It’s every kid’s dream to get that casting call and make it to Hollywood. Though that dream is practically impossible, some people hold onto it anyway, while others let it go. Others, still, happen to fall into acting almost by accident. The people on this list had talent that luckily found its way to the silver screen to make history in some amazing performances.
Barkhad Abdi – Captain Phillips (2013)
Abdi was born in Mogadishu, Banaadir, but once the Somali Civil War broke out, his family moved to Yemen. After a few years in Yemen, they moved stateside to Minnesota where there is a large Somali community. Abdi went to school there and worked part time as a limo driver and selling cell phones until his big break
That break—and his first step into the film world—was the role inCaptain Phillips, which he got by answering a large casting call. He auditioned several times and ultimately landed the role along with four other Somalis. In a 2013 interview with The Today Show, he says that he actually ad-libbed what would become the most famous line in the film: “Look at me. I am the captain now.”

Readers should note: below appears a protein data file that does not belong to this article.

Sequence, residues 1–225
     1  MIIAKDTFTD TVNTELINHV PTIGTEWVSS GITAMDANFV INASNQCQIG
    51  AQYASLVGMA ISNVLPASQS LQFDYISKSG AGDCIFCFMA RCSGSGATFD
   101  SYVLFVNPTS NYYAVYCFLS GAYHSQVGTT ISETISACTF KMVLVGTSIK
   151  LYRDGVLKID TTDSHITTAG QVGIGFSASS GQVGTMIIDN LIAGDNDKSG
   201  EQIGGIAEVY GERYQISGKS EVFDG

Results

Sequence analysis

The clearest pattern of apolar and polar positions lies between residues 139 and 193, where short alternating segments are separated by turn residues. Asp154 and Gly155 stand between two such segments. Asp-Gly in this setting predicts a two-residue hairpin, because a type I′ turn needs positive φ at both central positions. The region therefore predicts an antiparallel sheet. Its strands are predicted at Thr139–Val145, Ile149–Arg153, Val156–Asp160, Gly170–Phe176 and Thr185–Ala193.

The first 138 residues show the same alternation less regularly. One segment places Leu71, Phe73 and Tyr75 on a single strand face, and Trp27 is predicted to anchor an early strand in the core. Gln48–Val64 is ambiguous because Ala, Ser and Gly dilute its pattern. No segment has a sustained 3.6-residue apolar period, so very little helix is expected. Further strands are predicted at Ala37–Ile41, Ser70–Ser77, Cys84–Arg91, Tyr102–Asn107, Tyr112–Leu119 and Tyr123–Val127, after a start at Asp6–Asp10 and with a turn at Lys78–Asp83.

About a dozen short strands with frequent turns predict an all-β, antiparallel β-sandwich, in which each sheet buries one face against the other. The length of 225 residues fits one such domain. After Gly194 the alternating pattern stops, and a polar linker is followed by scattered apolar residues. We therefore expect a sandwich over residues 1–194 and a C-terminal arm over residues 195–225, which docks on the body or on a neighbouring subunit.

Vinnie Jones – Lock, Stock and Two Smoking Barrels (1998)
Jones was 33-years-old when he made his film debut in Lock, Stock and his acting was spot on. He became an instant hit with his famous one-liners and intimidating comedy. He went on to star in massive hits likeX-Men and Gone in 60 Seconds.
Danny Trejo – Runaway Train (1985)
Ray Allen – He Got Game (1998)
Ray Allen was a professional basketball player at the time but the role wasn’t his at first. Spike Lee offered it to Kobe Bryant, who was interested, until Bryant had a horrible playoff showing and ultimately turned it down to focus on basketball. Kobe was a rookie and was only 19-years-old, straight out of high school, so it was too much to take on, whereas Allen was already comfortable in the NBA.
Andre the Giant – The Princess Bride (1987)
Andre the Giant accepted the role as his wrestling days were basically finished due to injuries. He had acted a couple of times before but this was the biggest role so far and definitely the most memorable.
In a 2014 interview with Vanity Fair, Cary Elwes, who played Westley, says Andre was a great guy who never missed a line and never showed up late, despite everyone knew the whole time how much pain he was in. Being 7’4″ (according to the WWE website) and over 500 pounds—plus years of being hit with chairs, and wooden planks, and jumping from the ropes—was ultimately too much for his body. He died of congestive heart failure in 1993.